Nanoparticles range in size from 1 to 100 nanometers, while 1 nanometer equals roughly one-billionth of a meter. As compared with usual particles, nanoparticles are known to have unique features that are increasingly used for diagnosing cancer, developing small electronic devices and solar batteries, as well as in many other spheres. In their new paper published in Physical Review B, researchers from Skoltech revealed that catalytic properties of bimetallic nanoparticles — when a material accelerates or delays a chemical reaction without being consumed by the reaction — can be fine-tuned while changing the structure of the nanoparticle.
As of now, of greatest interest are bimetallic core-shell particles, in which the core and the shell consist of different metals. Researchers studied three types of nanoparticles: Cu-core/Au-shell, Au-core/Cu-shell, and homogeneous bimetallic AuCu alloy particles. Unlike core-shell particles, the structure of usual bimetallic particles is not ordered.
Structure of analyzed nanoparticles. Above on the left — a Cu-core/Au-shell nanoparticle, above on the right — a homogeneous bimetallic AuCu alloy particle, below — an Au-core/Cu-shell nanoparticle.
“We observed how different core-shell ratios can change electronic states on the surface. These changes have an impact on the binding ability between a nanoparticle and a molecule of CO. We concluded that it is possible to double the adsorption energy — more precisely, chemisorption, which is a chemical binding between atoms, molecules of gasses and the surface of the crystal or nanoparticle — in relation to a pure metal through fine-tuning the core-shell ratio in the nanoparticle,” said Research Scientist Ilya Chepkasov from the Material Discovery Laboratory, the leading author of the study.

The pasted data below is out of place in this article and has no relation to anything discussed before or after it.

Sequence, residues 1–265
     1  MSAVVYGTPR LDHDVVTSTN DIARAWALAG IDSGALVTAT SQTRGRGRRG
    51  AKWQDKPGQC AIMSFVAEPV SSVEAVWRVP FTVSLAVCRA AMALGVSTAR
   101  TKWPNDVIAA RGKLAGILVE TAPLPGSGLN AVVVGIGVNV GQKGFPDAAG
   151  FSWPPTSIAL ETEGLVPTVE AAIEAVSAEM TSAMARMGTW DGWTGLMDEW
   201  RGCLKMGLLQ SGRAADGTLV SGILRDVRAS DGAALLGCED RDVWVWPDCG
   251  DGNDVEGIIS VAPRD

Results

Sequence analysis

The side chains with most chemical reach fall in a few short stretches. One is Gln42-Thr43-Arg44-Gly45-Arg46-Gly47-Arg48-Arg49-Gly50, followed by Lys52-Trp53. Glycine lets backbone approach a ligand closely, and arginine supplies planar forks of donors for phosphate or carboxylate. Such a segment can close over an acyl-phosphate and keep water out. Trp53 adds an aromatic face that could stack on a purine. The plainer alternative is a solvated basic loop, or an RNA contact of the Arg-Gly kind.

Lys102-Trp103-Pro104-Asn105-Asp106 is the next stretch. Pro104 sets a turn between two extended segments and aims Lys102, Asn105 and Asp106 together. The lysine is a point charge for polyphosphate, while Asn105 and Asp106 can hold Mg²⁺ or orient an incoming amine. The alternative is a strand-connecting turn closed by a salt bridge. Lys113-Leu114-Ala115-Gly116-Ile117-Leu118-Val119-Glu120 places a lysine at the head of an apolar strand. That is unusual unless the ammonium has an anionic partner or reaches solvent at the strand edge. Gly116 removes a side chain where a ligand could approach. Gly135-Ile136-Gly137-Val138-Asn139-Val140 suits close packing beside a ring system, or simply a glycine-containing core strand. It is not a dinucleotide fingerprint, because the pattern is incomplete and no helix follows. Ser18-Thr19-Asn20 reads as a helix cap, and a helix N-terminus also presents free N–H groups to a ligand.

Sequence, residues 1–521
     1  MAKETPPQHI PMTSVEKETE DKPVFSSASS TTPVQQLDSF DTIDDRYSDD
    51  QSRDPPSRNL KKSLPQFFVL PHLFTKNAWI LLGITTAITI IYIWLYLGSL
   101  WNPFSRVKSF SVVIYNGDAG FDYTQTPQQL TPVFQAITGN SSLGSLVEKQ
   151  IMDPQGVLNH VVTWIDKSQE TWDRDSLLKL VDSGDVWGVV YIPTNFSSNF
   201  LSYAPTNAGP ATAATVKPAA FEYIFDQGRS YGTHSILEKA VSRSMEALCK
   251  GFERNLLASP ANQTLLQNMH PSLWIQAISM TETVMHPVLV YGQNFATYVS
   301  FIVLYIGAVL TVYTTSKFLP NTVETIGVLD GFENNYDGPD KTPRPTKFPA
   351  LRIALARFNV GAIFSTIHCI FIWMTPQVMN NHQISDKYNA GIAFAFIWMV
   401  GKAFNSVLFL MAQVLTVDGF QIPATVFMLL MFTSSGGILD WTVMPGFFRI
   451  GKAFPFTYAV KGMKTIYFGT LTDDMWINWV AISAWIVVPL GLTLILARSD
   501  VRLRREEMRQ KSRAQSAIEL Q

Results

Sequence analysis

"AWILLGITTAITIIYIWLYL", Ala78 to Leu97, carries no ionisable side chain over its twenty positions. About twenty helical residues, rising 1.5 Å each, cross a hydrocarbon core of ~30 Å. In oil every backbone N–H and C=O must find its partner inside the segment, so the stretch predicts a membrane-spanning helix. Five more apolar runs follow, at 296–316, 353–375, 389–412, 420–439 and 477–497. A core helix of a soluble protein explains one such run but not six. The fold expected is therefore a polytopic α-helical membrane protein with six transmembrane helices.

The study involved several stages and used density functional theory. At the first stage, the team used nanoparticles sized 2 nanometers to construct core-shell particles with different core-shell ratios and analyzed how the surface charge changed depending on the ratio. Afterwards, the researchers calculated the adsorption of CO and O molecules on the surface of nanoparticles and demonstrated how adsorption properties of nanoparticles can be changed through varying the surface charge associated with fine-tuning its structure.
“We revealed fundamental patterns that will be later used to develop AI-driven models for effective prediction of the adsorption and catalytic properties of bimetallic nanoparticles while performing high-throughput screening for new materials with specified properties,” added Professor Alexander Kvashnin from the Energy Transition Center, the head of the research.
The results prove that fine-tuning the structure of nanoparticles helps to find the necessary catalytic properties of nanoparticles, which will help to control the catalyst. The practical relevance lies in improving gas purification — for example, for cleaning technical gasses from highly toxic CO and making them safer.
Read the original article on Skolkovo Institute of Science and Technology (Skoltech).